Tracing Social Movements' Influence Beyond Agenda-Setting: Waves of Protest, Chaining Mechanisms and Policy Outcomes in the Chilean Student Movement (2006-2018)


Abstract


The literature on social movements' policy outcomes agrees on the need for an intertemporal perspective that goes beyond a short-term action-reaction logic to account for the effects of mobilization on policies. However, little attention has been given to the causal mechanisms that link different waves of mobilization with related policy outcomes over time. To do so, we propose the concept of chaining mechanisms as a means to connect different iterations of protest, electoral cycles and policy responses within a mid-term perspective. We distinguish between two types of chaining mechanisms, strategic and inertial, and apply this conceptual framework to the Chilean student movement in the 2006 and 2018 period. We assert that its success in chaining different waves of protest is a crucial factor in accounting for the recent major education reform that took place under Bachelet's government (2014-2018). Beyond the case, the concept contributes to the understanding of the complex interactions between social mobilization and public policy.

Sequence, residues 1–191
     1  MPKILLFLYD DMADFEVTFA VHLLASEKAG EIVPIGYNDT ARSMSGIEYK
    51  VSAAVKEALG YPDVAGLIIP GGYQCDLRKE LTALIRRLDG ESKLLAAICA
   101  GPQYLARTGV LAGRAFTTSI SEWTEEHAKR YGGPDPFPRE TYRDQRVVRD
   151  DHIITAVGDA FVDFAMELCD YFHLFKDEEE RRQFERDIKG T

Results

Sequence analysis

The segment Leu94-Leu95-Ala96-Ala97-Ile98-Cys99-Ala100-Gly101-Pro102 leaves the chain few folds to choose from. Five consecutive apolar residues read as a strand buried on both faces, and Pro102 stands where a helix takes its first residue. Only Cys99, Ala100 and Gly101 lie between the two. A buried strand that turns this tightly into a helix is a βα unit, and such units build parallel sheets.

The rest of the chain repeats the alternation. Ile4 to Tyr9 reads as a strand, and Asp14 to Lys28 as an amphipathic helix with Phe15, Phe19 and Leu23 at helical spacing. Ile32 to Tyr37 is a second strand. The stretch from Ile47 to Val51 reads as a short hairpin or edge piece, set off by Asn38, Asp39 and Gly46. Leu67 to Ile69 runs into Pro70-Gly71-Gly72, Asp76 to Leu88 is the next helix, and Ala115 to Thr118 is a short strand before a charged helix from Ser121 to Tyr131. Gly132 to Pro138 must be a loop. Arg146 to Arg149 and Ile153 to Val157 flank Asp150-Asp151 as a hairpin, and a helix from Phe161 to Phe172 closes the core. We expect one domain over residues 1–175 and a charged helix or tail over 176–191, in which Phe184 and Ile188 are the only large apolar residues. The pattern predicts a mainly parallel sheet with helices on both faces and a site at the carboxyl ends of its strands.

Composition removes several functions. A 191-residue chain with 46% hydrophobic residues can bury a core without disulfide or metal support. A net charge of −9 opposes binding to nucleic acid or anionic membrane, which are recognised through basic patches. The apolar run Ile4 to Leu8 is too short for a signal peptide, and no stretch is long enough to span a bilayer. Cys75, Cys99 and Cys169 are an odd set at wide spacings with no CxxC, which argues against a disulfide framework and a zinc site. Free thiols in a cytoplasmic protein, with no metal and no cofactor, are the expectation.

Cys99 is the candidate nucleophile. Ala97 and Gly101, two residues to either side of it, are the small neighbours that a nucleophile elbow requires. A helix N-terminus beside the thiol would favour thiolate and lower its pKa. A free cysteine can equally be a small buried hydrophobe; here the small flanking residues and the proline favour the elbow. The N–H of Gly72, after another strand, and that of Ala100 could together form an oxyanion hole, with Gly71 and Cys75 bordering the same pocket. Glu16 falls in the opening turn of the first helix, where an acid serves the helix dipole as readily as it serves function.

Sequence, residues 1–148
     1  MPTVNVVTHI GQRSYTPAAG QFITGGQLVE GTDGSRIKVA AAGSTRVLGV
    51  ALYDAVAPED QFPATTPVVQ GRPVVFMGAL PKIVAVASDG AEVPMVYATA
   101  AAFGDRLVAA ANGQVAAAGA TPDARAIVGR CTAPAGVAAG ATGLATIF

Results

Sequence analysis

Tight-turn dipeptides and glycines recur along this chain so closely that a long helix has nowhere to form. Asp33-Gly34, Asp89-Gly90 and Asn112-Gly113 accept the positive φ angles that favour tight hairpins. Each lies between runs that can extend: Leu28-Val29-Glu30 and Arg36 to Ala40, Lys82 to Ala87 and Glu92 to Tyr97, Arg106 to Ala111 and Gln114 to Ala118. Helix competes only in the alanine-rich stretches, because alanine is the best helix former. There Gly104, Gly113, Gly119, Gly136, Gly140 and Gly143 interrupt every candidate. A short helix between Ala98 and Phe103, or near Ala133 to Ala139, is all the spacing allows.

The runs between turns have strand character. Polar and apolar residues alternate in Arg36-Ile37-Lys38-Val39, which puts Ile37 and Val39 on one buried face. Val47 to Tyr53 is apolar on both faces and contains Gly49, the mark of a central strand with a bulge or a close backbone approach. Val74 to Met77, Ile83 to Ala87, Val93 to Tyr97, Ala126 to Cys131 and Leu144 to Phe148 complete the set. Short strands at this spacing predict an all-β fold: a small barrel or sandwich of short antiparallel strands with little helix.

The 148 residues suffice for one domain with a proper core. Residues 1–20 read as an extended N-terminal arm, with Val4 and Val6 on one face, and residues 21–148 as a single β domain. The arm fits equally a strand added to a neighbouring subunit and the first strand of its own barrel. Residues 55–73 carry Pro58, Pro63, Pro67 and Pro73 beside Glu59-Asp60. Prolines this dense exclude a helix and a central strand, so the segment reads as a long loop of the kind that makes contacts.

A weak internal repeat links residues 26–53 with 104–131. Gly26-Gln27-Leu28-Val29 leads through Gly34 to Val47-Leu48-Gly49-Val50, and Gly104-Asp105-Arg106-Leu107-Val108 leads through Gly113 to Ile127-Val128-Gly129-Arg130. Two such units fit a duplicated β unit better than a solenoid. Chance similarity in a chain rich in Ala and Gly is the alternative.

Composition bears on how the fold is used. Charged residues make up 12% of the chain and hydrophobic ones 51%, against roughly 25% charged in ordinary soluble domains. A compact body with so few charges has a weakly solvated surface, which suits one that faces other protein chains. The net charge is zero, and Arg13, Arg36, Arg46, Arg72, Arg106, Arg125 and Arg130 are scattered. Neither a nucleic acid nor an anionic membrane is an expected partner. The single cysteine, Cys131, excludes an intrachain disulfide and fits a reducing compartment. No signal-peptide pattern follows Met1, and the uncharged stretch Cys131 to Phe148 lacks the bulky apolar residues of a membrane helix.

Keywords: Chaining mechanisms; Chile; Latin America; Policy reforms; Social movements' outcomes

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